Editor's Note: Whether you're a tourist or an office worker in downtown Chicago, you can get sick of eating at chain restaurants all day. So we've started a series to get you the lowdown on where to find a great and affordable lunch.
Eleven City Diner inhabits an interesting space in my memory, one that I can't say I have with most restaurants, or even most places, for that matter. A former coworker of mine, his name was Joe, loved Eleven City Diner ever since the place opened. He and I spent more than a few meals there after work, making fun of each other and complaining about the office. But there was an urgency to the jokes and the laughter, since we both knew that our days as friends were numbered. He had an unrelenting form of pulmonary fibrosis which eventually was just too much for his body to take. Suddenly, just like that, he was gone.
Now, I realize this sounds extraordinarily somber, coming from a guy who goes by Fart Sandwich on Twitter. But it's not all as sad as it seems. Every time I walk into Eleven City Diner for lunch, I always remember to laugh my ass off. Eleven City is a lot of fun; it's a shiny Jewish diner with a tall, airy space, along with a soda fountain, a full bar, and enormous portions. And, hey, we all have to eat, right?
In the interest of Lunch in the Loop, I skipped out on the huge breakfast menu altogether, as much as I wanted to order a giant plate of lox or an omelet (breakfast is served all day, by the way) and just sampled the deli side of the menu.
Teri's Knish ($6.50) comes filled either with potato or brisket, along with a side of chicken gravy. We ordered potato, but received brisket by mistake. It was a fantastic mistake. This knish is like having a bun, a pastry, and a dumpling all getting drunk at a swingers party and accidentally creating a delicious food baby. The potato-based dough is thin but has a bit of dumpling-like chew and a little pie-crust flakiness, and the chopped brisket inside has that particular beef flavor that you only associate with brisket. The gravy is a lot like cream of chicken soup, only without the chicken, with tiny little lumps to let you know it's house-made, which is a good thing.
The Woody Allen ($12.99) has previously been featured on A Sandwich a Day, and there's a good reason. This is a double-decker monster ripped straight from the pages of New York City—even the menu admits it by adding a tongue-in-cheek quip, "We copied them oh so close." The top half of this bad boy is bold, salty corned beef, full of the briny cured flavor you expect, and the beef is marbled with rich veins of fat that leave your mouth slightly coated. The pastrami on the bottom is crusted with black pepper and embodies all you want in great pastrami; it's tender and it finishes with that peppery pinch at the end.
The sandwich does get a little confusing where the meats meet (meats meet, har har), and the flavors don't always seem to match. My suggestion is to get an entire sandwich of one or the other; you can't go wrong either way. And don't forget to add brown mustard.
The Moshe Cristo ($11.25) is a playful take on the classic Monte Cristo sandwich, but with the addition of turkey. The bread component is challah French toast, which has a cinnamon and nutmeg flavor that just doesn't mesh well with the thick salty layers of ham and turkey. The meat is a little dry, and in such high quantity, the dryness is fairly apparent.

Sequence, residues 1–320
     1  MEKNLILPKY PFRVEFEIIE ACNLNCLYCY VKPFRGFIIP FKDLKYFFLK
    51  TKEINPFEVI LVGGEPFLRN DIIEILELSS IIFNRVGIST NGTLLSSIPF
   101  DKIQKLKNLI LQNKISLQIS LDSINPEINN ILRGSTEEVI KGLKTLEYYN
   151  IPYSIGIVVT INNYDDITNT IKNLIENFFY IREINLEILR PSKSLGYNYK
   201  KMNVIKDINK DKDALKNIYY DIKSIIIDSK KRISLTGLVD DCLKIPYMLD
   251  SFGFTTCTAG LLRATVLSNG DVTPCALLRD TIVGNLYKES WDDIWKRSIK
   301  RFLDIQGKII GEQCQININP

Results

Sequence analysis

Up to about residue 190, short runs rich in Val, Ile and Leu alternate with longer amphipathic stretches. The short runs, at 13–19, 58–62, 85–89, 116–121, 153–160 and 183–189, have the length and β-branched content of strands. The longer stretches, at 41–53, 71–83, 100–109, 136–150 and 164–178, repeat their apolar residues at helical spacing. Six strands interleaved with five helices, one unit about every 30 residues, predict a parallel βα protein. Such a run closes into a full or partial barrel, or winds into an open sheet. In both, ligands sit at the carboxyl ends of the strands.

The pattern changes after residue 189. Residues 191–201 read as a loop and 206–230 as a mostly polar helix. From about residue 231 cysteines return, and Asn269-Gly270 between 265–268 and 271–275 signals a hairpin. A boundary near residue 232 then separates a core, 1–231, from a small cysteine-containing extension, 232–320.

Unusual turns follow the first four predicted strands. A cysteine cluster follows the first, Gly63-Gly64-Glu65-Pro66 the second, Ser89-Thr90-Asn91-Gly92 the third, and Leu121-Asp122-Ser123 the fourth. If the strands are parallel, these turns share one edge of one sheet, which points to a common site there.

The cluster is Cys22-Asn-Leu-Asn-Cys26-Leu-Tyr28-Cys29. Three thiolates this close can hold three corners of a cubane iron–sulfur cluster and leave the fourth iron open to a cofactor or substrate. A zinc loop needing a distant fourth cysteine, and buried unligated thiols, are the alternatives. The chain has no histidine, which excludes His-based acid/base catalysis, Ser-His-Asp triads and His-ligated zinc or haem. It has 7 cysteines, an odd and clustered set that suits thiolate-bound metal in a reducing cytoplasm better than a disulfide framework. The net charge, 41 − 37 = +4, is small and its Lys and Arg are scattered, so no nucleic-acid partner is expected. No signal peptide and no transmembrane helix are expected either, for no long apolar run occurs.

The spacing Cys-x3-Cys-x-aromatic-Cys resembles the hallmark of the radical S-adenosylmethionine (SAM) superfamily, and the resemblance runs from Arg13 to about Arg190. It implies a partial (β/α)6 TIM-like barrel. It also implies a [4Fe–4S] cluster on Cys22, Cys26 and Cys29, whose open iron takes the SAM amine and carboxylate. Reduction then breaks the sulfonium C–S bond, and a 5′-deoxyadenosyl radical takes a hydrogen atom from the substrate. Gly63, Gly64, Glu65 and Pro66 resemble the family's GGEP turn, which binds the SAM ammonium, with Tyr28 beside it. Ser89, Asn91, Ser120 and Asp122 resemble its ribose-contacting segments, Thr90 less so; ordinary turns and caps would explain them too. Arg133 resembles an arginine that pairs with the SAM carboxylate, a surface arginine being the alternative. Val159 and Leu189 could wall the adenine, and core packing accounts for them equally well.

Every time I visit Eleven City Diner, I want to love the fries. In fact, I'd be happy just to like the fries. But they are usually a little soft, mostly flavorless, and even with Wisconsin cheese spread (think Merkt's cheddar), they just don't do the trick.
Now what really does the trick, however, is "The Ivy" Pickle and Sour Tomato plate ($2.50). Joe used to love the sour tomatoes—for good reason. If I was sitting next to you while you ordered, I'd tell you to skip the pickles and just get a whole plate of tomatoes. They are briny and sour with a good vinegary pucker, and you really need that crisp pickled bite with your rich deli sandwiches. If that tomato looks familiar, it's a lot like the ones they serve on the side at Superdawg.
You'd be crazy if you were at a place with a soda fountain and you didn't order a soda. Along with classic phosphates and Green River floats, they serve an exceedingly rare creature not often spotted in Chicago: The Egg Cream ($2.99). As some of you food nerds know, it contains neither egg, nor cream, but rather, milk, seltzer, and chocolate syrup and is stirred till frothy up top. If it's too sweet for you, the chocolate concoction is served with a sidecar of extra seltzer to spread out the sugary goodness.
It's been just over four years since Joe passed away, but the guy left me with a huge pile of memories at Eleven City Diner, some inevitably and profoundly sad. But what I remember most is all the laughter. And that's really why I got into food writing in the first place, not just to eat, but to share experiences that come with the necessity of food, and really, to laugh, laugh, laugh, until we're sore, and can't laugh any longer.
Eleven City Diner
About the author: After a failed attempt at starting a chain of theme restaurants called "Smellen Keller," Dennis Lee traveled the world to discover his true passion. Sadly, midwifery didn't pan out. Now he works in a cubicle, and screws around as much as possible. Follow his shenanigans on Twitter.